A first-time novelist whose work has been compared to the fiction of Michael Ondaatje and Barbara Kingsolver has been awarded the Janet Heidinger Kafka Prize at the University of Rochester.
Edie Meidav will receive the prize for The Far Field (Houghton Mifflin Co., 584 pages, $25), a story of an idealistic American's misguided plans to create a Utopian village in another country. She will come to Rochester in the fall to accept the award and give a public reading.
In The Far Field, Meidav creates the tale of Henry Fyre Gould, who in the 1930s goes to the British colony of Ceylon-now independent Sri Lanka-with visions of creating his own ideal Buddhist world. Ignorant of the culture, the ethnic and religious groups, and the political situation on the island, Gould strains the already existing tensions to the point of disaster with his meddling.
"Meidav thrusts the reader into the protagonist's dangerous frame of mind, into the psyche of a disillusioned middle-aged man struggling to find meaning," said Assistant Professor of English Dimitri Anastasopoulos, who chaired the prize selection committee. "Bleak though he can be, it is from within Henry's dark, at times despairing mindset, that Meidav discovers a possibility for redemption."
Meidav's exploration of the West's fascination with the East, her lush detailed descriptions, and her lyrical writing have been described as being in the tradition of Ondaatje and Kingsolver.
"Meidav's writing is rich and stylish: It revels in strange fruit, in the topography of shadows," Anastasopoulos commented. "A novel full of masterful passages, The Far Field elaborates a metaphysical landscape within the tangible realm of Ceylon."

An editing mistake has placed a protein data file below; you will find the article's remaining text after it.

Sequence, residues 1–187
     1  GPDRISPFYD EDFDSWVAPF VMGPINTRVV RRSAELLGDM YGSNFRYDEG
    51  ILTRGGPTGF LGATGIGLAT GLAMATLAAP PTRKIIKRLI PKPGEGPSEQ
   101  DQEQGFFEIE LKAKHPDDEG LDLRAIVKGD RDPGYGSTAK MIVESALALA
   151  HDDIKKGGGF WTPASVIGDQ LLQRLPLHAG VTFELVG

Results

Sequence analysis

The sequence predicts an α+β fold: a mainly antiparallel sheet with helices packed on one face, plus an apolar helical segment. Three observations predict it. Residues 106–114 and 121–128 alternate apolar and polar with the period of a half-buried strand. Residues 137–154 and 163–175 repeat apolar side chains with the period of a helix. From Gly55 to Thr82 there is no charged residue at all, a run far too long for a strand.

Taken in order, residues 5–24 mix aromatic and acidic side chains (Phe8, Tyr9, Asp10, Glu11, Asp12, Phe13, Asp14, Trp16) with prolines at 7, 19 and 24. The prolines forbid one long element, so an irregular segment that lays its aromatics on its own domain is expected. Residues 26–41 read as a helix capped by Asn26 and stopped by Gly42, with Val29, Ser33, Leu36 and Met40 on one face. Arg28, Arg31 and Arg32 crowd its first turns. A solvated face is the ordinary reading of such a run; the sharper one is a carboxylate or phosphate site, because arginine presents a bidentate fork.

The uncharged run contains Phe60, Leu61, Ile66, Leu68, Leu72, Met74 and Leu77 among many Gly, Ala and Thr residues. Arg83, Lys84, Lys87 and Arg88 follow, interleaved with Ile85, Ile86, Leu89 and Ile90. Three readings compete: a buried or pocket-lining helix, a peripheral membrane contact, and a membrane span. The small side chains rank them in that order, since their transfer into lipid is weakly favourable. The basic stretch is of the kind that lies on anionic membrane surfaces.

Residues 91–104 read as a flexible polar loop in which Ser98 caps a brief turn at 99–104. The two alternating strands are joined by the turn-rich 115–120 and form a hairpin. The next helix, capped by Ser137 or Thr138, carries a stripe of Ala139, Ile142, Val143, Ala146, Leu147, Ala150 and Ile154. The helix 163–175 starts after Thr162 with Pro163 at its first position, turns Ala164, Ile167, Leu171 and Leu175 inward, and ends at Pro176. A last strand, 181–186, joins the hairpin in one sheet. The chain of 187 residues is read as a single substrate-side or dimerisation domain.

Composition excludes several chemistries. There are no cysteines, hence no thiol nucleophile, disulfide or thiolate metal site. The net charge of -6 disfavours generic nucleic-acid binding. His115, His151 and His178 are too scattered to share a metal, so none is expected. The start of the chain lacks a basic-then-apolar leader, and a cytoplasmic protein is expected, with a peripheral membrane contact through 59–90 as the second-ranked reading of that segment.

Born in Toronto in 1967, Meidav grew up in Berkeley, Calif., and studied writing at Yale University and Mills College. She taught fiction at the New School for Social Research in New York City and has spent much of her life traveling. A poet and a classically trained pianist, she danced in a West African dance troupe and lived for several months with gypsies in Spain. Meidav went to Sri Lanka on a Fulbright Fellowship; there she studied Sinhala languages and local dance, monitored elections, and researched the culture and colonial history of the region.
Meidav was selected by the editors of the Village Voice Literary Supplement as one of their "Writers on the Verge" in 2000.
The Kafka Prize is awarded by the Susan B. Anthony Institute for Gender and Women's Studies and the Department of English at the University of Rochester. It was established in 1976 in memory of Janet Kafka, a young editor killed in an automobile accident that ended a career many believed would have furthered the causes of women and literature. Previous winners have included Toni Morrison for Song of Solomon and Gail Godwin for A Southern Family.
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